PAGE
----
An innocent request by a former area pastor aimed at preserving the historical documents and photographs of the 167-year-old High Street United Methodist Church in Springfield led Urbana resident and church historian Daniel Walter on a trip back in time. This journey, which led to the discovery of a close connection between the development of the city of Springfield and the church, is outlined in Walter’s first published book: “High Street United Methodist Church: A Comprehensive, Illustrated History.”
When former High Street UMC Pastor Jeff Allen suggested that someone from the church go to the basement of the 230 E. High St. building and look through three or four boxes, Walter, who was baptized at the church in 1948 and just happens to be a history buff, decided to take on the duty.
“I went down there and found 25 boxes,” he said. “I volunteered to go through them and make an attempt to preserve them and sort them, which I eventually did.”
While looking through the documents as he placed them in special archival boxes and sleeves, Walter – having grown up in Springfield – noticed something that caught his interest.
“Along the way, it became clear that the history of the church going back to 1849 was also essentially the history of Springfield and Clark County,” he said. “A lot of the movers and shakers in the community were members of High Street, so that’s when the idea of the book started to take shape.”
Walter, who holds a bachelor’s degree in English from Duke University and a master’s degree in English and American literature from Ohio University, said the 300-plus-page book, which was printed in November and took about a year to write, is “essentially an ongoing history of Springfield, Clark County, and to a lesser extent Champaign County.”
He added, “I tell people who may have zero interest in this book that there hasn’t been a history of Springfield written since the 1980s when William Kinnison, former president of Wittenberg, published one.”
High Street UMC, city of Springfield histories go hand and hand
After introducing his book to fellow church members, Walter said the response he received was similar to how he felt after going through the church’s historical documents: “People had no idea that the history of our church was so instrumental in the community.”
For example, Walter highlighted the fact the High Street UMC was the first Methodist church west of the Alleghenies to have family seating as opposed to having men and women sitting on different sides of the church.
As for the connection between the church and the development of Springfield, Walter said, “A lot of the same people who were in influential positions within the community were members of High Street. Not all, but a lot of them were.”
Former High Street UMC trustees William Whitely and Scipio Baker helped put Springfield on the map from an economic standpoint.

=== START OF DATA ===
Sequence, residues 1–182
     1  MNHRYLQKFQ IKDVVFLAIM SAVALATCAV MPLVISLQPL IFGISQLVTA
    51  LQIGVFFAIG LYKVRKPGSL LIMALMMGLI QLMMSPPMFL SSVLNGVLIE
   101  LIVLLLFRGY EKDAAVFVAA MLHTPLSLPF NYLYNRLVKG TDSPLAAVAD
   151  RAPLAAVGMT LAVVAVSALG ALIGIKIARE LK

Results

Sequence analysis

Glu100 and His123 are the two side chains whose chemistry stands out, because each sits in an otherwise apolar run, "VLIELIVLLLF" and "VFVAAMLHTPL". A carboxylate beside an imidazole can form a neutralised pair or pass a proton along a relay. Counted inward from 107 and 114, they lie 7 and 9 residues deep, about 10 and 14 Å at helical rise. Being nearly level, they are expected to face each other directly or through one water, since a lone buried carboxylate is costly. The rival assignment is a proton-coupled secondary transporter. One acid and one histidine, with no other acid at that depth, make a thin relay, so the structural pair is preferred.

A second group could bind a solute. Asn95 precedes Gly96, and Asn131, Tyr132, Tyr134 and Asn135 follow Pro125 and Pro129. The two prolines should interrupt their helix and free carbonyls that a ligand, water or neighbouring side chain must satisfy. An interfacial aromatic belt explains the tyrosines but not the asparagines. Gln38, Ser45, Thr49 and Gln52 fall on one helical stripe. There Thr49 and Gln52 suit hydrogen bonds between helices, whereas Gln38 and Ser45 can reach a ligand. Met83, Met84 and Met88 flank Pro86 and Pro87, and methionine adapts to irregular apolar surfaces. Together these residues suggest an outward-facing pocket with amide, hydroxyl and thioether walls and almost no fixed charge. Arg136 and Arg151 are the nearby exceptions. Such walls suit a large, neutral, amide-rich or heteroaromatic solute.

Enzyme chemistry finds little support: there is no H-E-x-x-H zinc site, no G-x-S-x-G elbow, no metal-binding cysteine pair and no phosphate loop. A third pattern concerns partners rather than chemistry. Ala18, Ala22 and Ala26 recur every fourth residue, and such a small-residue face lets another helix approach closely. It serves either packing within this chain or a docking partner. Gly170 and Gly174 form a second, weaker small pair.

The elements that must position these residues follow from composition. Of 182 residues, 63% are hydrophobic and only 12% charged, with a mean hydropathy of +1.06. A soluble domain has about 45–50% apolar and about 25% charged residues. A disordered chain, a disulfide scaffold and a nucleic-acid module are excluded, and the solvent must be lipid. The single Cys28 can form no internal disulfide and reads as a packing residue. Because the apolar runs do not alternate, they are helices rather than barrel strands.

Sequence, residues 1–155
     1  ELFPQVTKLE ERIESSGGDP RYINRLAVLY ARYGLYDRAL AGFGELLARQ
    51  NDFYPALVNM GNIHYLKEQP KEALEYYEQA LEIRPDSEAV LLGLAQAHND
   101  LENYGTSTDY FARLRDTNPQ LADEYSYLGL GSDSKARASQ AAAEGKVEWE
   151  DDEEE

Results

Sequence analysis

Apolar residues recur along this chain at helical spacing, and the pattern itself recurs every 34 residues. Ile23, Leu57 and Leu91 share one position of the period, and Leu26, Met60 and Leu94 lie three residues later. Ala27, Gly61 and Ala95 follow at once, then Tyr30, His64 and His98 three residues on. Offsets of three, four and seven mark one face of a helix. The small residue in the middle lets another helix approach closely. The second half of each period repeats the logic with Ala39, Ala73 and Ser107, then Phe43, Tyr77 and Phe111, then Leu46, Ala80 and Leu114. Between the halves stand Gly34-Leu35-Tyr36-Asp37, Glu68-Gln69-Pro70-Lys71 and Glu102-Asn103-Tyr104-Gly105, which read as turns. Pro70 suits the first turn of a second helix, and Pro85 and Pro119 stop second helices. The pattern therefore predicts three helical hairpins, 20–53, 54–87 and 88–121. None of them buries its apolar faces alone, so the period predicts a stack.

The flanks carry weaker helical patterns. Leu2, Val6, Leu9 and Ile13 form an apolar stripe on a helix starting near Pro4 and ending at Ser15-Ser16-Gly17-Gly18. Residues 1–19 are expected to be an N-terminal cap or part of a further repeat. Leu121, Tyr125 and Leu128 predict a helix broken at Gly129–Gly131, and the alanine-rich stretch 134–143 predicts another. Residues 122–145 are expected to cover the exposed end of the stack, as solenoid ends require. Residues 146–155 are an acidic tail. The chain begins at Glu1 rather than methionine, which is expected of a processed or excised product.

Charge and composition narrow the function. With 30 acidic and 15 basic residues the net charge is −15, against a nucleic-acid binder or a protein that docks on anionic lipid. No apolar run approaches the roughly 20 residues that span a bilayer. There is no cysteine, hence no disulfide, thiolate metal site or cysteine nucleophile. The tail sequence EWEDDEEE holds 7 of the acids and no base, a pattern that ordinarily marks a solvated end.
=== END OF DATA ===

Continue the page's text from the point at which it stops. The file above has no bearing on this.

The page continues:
Whitely, who owned Champion Machine Company and is best known for his Champion reaper, opened a plant on East Street in Springfield in 1882 that was one for the record books at the time.
“He was quite the guy in Springfield,” Walter said. “He employed thousands of people at what was the largest manufacturing facility in the world behind only Krupp (Works) in Germany. His company ultimately became International Harvester or what is now Navistar.”
Baker was former president of the Champion Chemical Company in Springfield, which in the late 1800s and into the 1900s was one of the first big players in the funeral business. During Baker’s reign, the company, in operation today as the Champion Company, specialized in embalming fluid and air-sealed metal vaults.
While Whitely and Baker were church officials who helped shaped the Springfield economy, there were also members of the church who fought for social change.
For example, Walter’s research led to the discovery that Eliza Daniel “Mother” Stewart, who was involved in the social movement against alcohol and founded the Ohio Temperance League at Springfield in January 1874, attended High Street UMC.
“I expected from reading about her that she might have been a member of High Street, but nobody knew that until I found those records,” Walter said.
Book availability, next venture
Having had time to reflect on his first book, Walter is happy with how it turned out and how it’s being received by others.
“I’m proud of the prominence of High Street (UMC) people in the development of the community in Springfield and Clark County, and that I was able to parallel the church development and the development of Springfield,” he said.
The book is available at the church during business hours for $20 or copies can be mailed out by calling the church at 937-322-2527.
Having spent the majority of his career as a freelance writer and with his first book now in the rear-view mirror, Walter is contemplating his next venture, which takes into account his love of history.
“I just always considered it almost an obligation to learn as much as I could about everywhere I’ve lived, and the same goes for my family history,” he said. “Strangely enough, people in my family didn’t seem to have an interest in their own derivation. Since there wasn’t a big interest in my family, I’ve kind of picked that up.”
Walter’s grandfather on his mother’s side, Dan T. Davis, did write a history of that side of his family in 1955 called “Us Davises.”
Walter’s plan is to continue to add to his grandfather’s genealogical work.
“If he had not collected oral history of our Welsh ancestors, we wouldn’t have anything, and I would have had nowhere to begin,” Walter said. “My next project may well be to augment his history of the family.”
Joshua Keeran may be reached at 937-508-2304 or on Twitter @UDCKeeran.
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